Flaws are a big deal. They influence everything your character does and are significant hurdles to personal growth.
Conversely, weaknesses are situational and are often overcome in the pursuit of larger goals.
Weaknesses can also stem from flaws.
Someone who had their heart broken in the past now finds it almost impossible to let others in again (a flaw). As a result, they are extremely awkward in social situations (a weakness) because they’d rather stay at home where it’s safe and warm and comforting.
Another character might be racist (a very big flaw). Their weakness is that they seek out conflict whenever someone of a different race is around (a despicable weakness). If you throw this person and someone of a different race into a situation where they need to work together to survive, the weakness is going to be overcome a lot more easily than the flaw.
Flaws are also central to character arcs. That racist person can, over the course of your story, come to understand how messed up their deeply held value is, but overcoming the weakness will take maybe a chapter or two.
List of Juicy Weaknesses
The best way to understand weaknesses is to see what some juicy ones are and how they impact their character. Below, you’ll find a list of these weaknesses, divided into some categories for easy navigation.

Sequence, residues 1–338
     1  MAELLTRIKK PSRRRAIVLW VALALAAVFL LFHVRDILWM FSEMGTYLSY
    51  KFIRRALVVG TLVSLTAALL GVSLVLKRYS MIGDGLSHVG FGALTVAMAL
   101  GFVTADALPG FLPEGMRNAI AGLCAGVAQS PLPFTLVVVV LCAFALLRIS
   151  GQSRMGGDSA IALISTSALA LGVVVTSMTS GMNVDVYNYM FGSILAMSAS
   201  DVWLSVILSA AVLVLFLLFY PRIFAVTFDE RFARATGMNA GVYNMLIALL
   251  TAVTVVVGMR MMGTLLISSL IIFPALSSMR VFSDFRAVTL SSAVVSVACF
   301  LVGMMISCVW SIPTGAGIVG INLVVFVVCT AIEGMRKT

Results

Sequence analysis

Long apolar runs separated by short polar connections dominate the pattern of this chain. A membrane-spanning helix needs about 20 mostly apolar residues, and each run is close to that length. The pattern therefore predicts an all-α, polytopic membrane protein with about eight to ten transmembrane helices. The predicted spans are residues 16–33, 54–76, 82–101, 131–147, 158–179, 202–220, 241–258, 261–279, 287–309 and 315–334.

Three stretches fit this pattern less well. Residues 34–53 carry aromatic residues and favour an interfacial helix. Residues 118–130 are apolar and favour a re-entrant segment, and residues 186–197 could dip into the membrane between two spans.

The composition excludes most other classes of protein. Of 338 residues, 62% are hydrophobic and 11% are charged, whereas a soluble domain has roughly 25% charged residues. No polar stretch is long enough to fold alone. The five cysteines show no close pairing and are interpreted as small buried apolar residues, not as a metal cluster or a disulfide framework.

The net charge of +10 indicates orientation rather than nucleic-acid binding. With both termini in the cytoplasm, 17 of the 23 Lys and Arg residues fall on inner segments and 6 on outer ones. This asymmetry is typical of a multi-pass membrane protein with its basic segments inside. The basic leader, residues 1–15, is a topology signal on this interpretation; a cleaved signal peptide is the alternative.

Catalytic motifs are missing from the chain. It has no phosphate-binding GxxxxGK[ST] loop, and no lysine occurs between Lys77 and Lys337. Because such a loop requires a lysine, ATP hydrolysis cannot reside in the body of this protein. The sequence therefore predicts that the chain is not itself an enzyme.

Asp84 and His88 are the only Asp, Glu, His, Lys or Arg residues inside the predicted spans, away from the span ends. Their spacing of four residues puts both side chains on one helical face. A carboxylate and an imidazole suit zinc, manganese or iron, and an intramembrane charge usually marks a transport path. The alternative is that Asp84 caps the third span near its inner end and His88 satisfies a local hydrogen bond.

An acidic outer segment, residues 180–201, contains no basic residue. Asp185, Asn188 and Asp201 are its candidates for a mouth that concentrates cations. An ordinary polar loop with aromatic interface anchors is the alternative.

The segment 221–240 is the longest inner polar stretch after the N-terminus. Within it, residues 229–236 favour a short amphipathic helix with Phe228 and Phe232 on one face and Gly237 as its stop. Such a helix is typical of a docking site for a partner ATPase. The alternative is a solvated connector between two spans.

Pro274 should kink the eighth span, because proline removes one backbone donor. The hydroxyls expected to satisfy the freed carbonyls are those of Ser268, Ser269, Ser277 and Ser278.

Feel free to totally rip these weaknesses off or use them as a launching point to come up with your own. Just remember what we’ve covered so far when giving your characters a weakness.
Up first, we have physical weaknesses. These make, as the name suggests, physical acts more difficult. That could range from a sword fight to sports to just going out for a walk.
Here are a few physical weaknesses to get you started.
- Chronic pain or illness
- Physical disability*
- Allergies or sensitivities
- Poor balance or coordination
- Poor eyesight or hearing
- Lack of physical strength or endurance
- Physical deformity or disfigurement
*Note: By definition, a physical disability can be considered a weakness. However, be cognizant of how people with disabilities have been portrayed in the past and continue to be discriminated against today. Don’t be someone who perpetuates stereotypes of disabled people if you choose to include someone with a physical disability.
Mental and emotional weaknesses
Next up, we have weaknesses that affect our minds. Even the strongest person in the world can struggle with everyday (or heroic) tasks when something in their brain makes it more difficult.
- Fear or phobia
- Low self-esteem or confidence
- Impulsiveness or recklessness
- Lack of empathy or emotional intelligence
- Anger issues
- Jealousy or envy
- Imposter syndrome
*Note: Like physical disabilities, depression and other mental health challenges have often been portrayed with stigmas and as negative stereotypes. When writing about someone suffering from depression, remember that a character’s weakness doesn’t make them “weak.” Rather, it makes the obstacles they face more difficult.
Your character is likely going to be interacting with others throughout their journey, but there are a variety of things that can make those interactions more difficult.